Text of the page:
Godmanchester could find out next year if the town is to get its first secondary school.
The principle for a new Godmanchester Secondary Academy has already been given the go-ahead by the Department for Education (DFE) and the proposed school is set to be established and run by Cambridgeshire Educational Trust which already runs Chesterton Community College in Cambridge.
Backing from the town’s community will be key in the decision-making process over whether the school, which is in its pre-opening and exploratory and developmental phases, gets the final green light.
If approved the school could open in the early 2020s and would be for students aged 11 to 16. It would have between 600 and 750 pupils who would go on to other local schools or centres for sixth form studies and there would also be a staff of around 100 teachers.
Lucy Scott, chief executive of Cambridge Educational Trust, said: “We are thrilled that Godmanchester Secondary Academy has been approved.
“Opening a new school is a momentous step in the life of a community - we have the immense responsibility to create a school that will go on to shape the lives and experiences of future generations within Godmanchester.
“We do not take that responsibility lightly and have reflected carefully on our experience as educationalists to ensure that the Godmanchester Secondary Academy is a success from day one.”
She said: “We look forward to working with all sectors of the Godmanchester community in the in the coming months and years to ensure the Godmanchester Secondary Academy is a centre of excellence for learners of all ages and a community hub offering resources and facilities sought by the town.”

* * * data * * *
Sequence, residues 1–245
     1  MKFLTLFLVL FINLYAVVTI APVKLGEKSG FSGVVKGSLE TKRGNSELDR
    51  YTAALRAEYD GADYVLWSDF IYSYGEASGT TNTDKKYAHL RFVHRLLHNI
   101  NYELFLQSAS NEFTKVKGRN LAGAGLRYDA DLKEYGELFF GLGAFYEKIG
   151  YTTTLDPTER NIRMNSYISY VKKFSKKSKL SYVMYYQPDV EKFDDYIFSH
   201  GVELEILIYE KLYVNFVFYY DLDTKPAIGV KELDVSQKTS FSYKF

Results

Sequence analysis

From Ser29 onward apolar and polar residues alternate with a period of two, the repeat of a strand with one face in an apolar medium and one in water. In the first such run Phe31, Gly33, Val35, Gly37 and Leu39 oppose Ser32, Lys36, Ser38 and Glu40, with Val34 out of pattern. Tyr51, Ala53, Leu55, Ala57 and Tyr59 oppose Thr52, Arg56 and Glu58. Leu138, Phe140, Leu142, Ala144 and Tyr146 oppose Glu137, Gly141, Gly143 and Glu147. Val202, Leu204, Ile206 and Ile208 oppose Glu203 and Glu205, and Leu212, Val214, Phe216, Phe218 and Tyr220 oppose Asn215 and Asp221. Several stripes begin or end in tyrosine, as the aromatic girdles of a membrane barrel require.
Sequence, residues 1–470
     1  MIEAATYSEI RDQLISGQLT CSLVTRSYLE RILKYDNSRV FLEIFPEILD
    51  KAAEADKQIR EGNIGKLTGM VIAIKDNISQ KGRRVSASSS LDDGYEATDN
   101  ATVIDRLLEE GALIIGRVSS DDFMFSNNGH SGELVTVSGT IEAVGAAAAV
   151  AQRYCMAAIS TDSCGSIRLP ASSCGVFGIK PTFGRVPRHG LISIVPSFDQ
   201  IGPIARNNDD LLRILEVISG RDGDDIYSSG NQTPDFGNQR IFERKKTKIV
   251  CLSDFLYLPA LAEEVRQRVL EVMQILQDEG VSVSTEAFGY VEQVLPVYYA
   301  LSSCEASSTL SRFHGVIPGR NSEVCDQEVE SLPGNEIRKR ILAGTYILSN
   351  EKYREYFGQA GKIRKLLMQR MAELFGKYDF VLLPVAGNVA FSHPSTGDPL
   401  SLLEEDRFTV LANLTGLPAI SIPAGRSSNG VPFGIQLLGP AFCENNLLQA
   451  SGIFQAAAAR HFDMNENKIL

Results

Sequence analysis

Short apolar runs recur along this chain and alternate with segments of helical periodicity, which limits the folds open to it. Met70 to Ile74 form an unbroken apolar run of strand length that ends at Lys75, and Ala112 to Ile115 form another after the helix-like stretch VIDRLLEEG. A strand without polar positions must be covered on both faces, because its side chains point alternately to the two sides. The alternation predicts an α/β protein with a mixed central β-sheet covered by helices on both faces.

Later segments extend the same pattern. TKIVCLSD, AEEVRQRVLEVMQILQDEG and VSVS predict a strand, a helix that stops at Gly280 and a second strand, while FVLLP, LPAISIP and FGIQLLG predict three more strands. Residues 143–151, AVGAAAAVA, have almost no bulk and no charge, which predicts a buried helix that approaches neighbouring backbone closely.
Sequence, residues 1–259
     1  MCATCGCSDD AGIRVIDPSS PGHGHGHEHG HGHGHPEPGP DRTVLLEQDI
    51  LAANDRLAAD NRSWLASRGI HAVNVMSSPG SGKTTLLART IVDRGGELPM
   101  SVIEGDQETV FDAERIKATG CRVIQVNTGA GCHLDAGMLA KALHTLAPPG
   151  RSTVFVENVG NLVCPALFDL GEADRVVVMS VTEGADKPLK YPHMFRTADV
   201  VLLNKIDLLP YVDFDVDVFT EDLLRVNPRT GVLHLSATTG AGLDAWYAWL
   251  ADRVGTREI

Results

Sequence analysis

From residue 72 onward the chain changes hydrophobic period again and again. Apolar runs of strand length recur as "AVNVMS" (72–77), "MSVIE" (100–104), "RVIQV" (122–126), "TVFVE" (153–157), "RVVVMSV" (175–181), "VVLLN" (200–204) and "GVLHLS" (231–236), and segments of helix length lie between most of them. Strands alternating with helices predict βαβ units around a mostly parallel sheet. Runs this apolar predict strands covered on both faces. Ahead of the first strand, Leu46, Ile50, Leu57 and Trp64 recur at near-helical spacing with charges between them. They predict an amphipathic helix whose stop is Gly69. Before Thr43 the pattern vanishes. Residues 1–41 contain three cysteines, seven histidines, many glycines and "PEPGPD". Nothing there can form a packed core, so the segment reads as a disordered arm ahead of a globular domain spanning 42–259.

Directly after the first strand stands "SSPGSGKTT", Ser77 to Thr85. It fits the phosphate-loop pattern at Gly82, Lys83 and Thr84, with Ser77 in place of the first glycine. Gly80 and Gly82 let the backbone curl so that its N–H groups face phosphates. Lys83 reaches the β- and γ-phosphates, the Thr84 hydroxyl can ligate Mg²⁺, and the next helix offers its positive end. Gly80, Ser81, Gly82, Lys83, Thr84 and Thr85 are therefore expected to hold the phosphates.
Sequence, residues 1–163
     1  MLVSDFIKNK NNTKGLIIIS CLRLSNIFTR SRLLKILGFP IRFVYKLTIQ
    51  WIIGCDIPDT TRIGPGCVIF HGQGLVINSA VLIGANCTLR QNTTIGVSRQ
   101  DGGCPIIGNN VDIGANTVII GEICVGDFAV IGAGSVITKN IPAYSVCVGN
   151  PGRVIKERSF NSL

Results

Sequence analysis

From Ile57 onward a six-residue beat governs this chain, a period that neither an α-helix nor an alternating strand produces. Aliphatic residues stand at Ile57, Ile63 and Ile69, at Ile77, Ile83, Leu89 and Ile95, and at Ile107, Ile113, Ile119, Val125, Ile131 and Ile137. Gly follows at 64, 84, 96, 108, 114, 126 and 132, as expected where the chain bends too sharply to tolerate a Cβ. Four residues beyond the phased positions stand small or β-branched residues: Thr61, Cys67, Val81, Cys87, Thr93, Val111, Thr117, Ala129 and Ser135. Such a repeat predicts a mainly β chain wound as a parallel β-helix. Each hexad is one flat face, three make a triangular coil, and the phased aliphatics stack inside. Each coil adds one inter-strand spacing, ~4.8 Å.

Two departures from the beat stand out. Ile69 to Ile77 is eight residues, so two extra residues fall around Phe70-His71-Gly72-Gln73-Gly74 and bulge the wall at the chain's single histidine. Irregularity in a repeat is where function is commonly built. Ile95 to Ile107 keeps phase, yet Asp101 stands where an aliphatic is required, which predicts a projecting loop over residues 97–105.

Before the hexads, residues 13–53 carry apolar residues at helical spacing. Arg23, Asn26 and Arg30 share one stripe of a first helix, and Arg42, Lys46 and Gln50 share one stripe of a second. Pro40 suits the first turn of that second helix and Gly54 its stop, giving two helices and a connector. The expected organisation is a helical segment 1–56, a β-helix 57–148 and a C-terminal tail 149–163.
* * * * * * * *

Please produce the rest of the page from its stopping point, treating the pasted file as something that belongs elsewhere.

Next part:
No site for the school has yet been found and the trust said this would be the responsibility of LocatED, a Government-owned property company which buys and develops sites for new free schools in England. It has a £2 billion budget.
The school would draw its pupils from the town’s three primary schools, starting a year at a time until it was full.
Chesterton Community College has been rated as “outstanding” by Ofsted and has been placed 16th out of 6,500 schools in league tables based on progress made by pupils.
The trust said 89 per cent of Chesterton’s pupils gained level 4+ in English and maths and 55 per cent of all GCSE grades were at A*/A or grade 7, 8 and 9.
It said it believed in realising the potential of all students and wanted to work closely with the town and to consider how the community wished to use the school.
It plans to hold more community meetings and events to discuss the development of the academy.
Town and district councillor David Underwood said he was “encouraged” to hear proposals that it would be a small community school but there were issues over whether it was needed and whether it would encourage more development.
“There are concerns that it might encourage developers to bid for further development,” Cllr Underwood said.